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Participating and Supporting Faculty

Introduction:
The MCOB desires to ensure that the faculty is sufficient in numbers and presence to perform academic functions of curriculum design, course design and development, course delivery improvement, assurance of learning, faculty development, and other curricular and advising service consistent with the college mission. These activities represent the core of the educational endeavor, and they should be conducted by persons with deep understanding of the relevant subject matter and experience in higher education delivery.

Standard 9 (faculty sufficiency) states that “A school should develop appropriate criteria consistent with its mission for the classification of faculty as participating and supporting.”

We expect that “participating” faculty members will deliver at least 75 percent of the MCOB’s annual teaching and at least 60 percent of the teaching in each discipline, each academic program, and location.


Definitions:
In assessing sufficiency of faculty resources, an important distinction is made between “participating” and “supporting” faculty members.

A participating faculty member actively engages in the activities of the school in matters beyond direct teaching responsibilities. Such matters might include policy decisions, educational directions, advising, research, and service commitments. The faculty member may participate in the governance of the school, and be eligible to serve as a member on appropriate committees that engage in academic policymaking and/or other decisions. The individual may participate in a variety of non-class activities such as directing extracurricular activity, providing academic and career advising, and representing the school on institutional committees. The school considers the faculty member to be a long-term member of the faculty regardless of whether or not the appointment is of a full-time or part-time nature, regardless of whether or not the position with the school is considered the faculty member’s principal employment, and regardless of whether or not the school has tenure policies. The individual may be eligible for, and participate in, faculty development activities and take non-teaching assignments for such activities as advising as appropriate to the faculty role as defined at the school.

A supporting faculty member does not, as a rule, participate in the intellectual or operational life of the school beyond the direct performance of teaching responsibilities. Usually, a supporting faculty member does not have deliberative or involvement rights on faculty issues, have membership on faculty committees, nor is the individual assigned responsibilities beyond direct teaching functions (i.e., classroom and office hours). A supporting faculty member’s appointment is normally exclusively teaching responsibilities and is normally an ad hoc appointment, for one term or one academic year at a time without the expectation of continuation.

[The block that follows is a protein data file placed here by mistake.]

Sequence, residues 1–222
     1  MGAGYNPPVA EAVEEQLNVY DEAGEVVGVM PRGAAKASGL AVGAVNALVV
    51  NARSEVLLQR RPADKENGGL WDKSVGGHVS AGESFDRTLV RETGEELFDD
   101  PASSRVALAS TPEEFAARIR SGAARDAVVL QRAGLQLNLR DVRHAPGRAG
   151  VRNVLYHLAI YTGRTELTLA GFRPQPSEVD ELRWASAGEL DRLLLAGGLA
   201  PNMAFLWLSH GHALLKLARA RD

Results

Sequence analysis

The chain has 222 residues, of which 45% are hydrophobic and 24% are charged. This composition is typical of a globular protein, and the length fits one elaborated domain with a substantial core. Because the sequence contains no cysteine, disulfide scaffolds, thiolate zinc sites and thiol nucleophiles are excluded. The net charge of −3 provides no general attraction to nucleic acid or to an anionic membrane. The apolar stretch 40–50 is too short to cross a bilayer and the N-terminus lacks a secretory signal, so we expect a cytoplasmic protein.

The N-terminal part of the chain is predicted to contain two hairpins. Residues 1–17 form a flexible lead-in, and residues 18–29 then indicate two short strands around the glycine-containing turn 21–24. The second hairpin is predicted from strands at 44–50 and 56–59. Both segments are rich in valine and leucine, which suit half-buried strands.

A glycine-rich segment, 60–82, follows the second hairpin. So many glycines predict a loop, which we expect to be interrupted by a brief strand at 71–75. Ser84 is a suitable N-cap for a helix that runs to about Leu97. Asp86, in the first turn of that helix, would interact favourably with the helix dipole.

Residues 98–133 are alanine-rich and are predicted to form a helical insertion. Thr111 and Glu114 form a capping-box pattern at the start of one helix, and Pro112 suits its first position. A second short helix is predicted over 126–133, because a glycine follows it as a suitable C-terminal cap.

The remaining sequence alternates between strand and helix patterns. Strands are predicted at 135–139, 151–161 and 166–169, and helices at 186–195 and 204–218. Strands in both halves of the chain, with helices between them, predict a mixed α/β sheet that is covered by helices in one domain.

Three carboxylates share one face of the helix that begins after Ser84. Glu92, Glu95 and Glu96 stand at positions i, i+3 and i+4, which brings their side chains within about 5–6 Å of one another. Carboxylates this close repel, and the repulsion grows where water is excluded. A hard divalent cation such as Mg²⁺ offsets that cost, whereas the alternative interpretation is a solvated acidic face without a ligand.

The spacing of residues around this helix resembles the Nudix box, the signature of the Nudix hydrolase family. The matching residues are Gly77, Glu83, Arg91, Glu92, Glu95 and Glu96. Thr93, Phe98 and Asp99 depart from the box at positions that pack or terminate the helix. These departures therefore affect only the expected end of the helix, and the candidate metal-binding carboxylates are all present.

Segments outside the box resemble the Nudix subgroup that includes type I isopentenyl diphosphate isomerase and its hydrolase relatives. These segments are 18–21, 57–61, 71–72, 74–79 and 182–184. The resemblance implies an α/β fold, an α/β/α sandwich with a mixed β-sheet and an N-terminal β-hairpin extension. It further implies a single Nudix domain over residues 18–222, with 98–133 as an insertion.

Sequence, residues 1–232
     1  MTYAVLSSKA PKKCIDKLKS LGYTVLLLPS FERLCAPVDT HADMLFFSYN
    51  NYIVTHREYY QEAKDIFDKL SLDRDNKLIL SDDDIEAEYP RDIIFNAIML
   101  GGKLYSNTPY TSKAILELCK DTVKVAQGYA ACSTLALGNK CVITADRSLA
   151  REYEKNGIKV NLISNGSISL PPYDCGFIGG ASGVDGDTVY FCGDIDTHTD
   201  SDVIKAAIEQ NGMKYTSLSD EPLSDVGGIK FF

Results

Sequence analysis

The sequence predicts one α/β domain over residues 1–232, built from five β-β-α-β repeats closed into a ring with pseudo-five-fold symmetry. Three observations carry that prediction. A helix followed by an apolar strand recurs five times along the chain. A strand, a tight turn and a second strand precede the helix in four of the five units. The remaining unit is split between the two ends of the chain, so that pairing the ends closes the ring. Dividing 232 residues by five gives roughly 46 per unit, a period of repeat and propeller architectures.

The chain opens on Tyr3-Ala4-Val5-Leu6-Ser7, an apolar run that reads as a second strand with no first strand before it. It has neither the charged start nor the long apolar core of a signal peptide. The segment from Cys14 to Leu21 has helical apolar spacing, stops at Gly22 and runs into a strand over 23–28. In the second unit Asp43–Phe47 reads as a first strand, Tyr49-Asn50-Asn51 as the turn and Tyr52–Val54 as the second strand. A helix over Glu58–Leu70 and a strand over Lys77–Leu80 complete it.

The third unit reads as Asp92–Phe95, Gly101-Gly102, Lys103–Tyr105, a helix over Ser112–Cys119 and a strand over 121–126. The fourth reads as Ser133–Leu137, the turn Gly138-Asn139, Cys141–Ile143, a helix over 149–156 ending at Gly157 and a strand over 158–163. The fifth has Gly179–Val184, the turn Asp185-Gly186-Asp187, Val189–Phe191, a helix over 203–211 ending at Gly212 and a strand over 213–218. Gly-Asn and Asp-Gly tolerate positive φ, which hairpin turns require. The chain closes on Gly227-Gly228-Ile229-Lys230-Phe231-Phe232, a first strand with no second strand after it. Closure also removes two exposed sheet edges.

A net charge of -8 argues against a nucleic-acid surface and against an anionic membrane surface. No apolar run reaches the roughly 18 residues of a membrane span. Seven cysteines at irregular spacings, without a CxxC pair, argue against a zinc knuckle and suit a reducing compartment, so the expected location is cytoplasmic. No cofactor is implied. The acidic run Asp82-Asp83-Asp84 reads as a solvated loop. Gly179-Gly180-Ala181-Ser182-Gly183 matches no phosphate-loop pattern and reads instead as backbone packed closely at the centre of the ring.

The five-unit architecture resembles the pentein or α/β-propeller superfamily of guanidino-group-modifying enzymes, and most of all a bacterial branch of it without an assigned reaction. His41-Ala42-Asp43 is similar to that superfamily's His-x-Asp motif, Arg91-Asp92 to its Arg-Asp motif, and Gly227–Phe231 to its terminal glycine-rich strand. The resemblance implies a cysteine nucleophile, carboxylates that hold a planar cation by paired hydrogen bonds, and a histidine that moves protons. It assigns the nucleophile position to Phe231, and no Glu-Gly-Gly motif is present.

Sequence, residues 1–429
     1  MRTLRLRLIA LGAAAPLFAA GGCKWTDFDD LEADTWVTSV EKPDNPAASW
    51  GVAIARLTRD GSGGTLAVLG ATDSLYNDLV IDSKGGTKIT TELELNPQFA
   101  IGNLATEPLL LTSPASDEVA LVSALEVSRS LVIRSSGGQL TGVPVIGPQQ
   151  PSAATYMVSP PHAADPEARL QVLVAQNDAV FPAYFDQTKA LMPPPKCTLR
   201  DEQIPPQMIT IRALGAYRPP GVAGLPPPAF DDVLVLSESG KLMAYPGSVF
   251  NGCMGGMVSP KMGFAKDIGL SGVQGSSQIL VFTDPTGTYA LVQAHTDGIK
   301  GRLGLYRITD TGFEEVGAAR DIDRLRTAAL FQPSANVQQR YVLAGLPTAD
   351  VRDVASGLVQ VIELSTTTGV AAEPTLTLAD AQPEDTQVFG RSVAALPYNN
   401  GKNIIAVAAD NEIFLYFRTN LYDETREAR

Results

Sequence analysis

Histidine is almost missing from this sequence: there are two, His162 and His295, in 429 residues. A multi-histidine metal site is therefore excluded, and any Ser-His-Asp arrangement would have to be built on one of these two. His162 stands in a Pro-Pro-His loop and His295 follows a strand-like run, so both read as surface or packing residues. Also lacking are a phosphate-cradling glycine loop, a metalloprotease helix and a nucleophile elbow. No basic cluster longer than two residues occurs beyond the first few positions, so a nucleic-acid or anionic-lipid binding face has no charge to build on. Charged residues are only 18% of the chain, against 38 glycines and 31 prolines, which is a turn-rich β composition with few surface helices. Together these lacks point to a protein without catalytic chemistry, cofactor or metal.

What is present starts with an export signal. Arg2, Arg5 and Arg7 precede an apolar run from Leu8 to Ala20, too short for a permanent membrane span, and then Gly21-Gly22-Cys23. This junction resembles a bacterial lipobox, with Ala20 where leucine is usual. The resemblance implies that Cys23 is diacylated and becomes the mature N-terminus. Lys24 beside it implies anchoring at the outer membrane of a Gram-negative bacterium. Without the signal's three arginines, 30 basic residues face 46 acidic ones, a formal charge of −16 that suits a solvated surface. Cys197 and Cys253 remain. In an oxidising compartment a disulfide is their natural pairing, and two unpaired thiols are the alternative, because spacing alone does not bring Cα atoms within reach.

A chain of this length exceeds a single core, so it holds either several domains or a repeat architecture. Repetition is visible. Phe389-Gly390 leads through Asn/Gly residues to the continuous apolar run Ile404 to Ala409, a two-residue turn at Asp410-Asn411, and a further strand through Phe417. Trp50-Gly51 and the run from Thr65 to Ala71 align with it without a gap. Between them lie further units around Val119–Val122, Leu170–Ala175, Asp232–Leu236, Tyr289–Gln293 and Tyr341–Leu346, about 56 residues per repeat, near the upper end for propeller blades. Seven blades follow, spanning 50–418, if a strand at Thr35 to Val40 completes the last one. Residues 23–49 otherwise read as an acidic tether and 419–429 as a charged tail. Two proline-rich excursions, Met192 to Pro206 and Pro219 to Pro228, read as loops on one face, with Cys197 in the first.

Classification Criteria:
All faculty and instructors regardless of the type of contractual relationship (tenured, tenure-track, contract) that exists between the faculty member and the institution will be classified as either “participating” or “supporting”.  Newly hired faculty who would normally be expected to engage in at least two of the activities listed below would be classified as “participating” for the first three calendar years.

Faculty members who engage in at least two of the following activities in a calendar year would be classified as “participating”
  1. Governance (for example, involved in defining major academic issues)
  2. Curriculum design and development (for example, involved in new program design and development, and substantive revisions)
  3. Course design and development (for example, involved in new course design and development, and substantive revisions)
  4. Enhanced course delivery (for example, developing or offering a new format or delivery mechanism)
  5. Assurance of learning (for example, engaging in the evaluating course content and delivery, and accomplishment of learning goals)
  6. Faculty development (for example, attend a workshop or conference related to teaching)
  7. Curricular and advising service (for example, serve as student curriculum advisor, direct field trips, study-abroad, internship, or immersive experiences, and student or faculty mentoring)
  8. Engaging in other activities of similar nature or intent, which the faculty member will identify and explain.


Reporting:
The department chairperson and each faculty member will make a determination of that faculty member’s classification, based on inputs from the annual report submitted by the faculty member each year.  The department chairperson will summarize these determinations in a report to the college Dean.


Adopted by the Executive Committee on November 19, 2008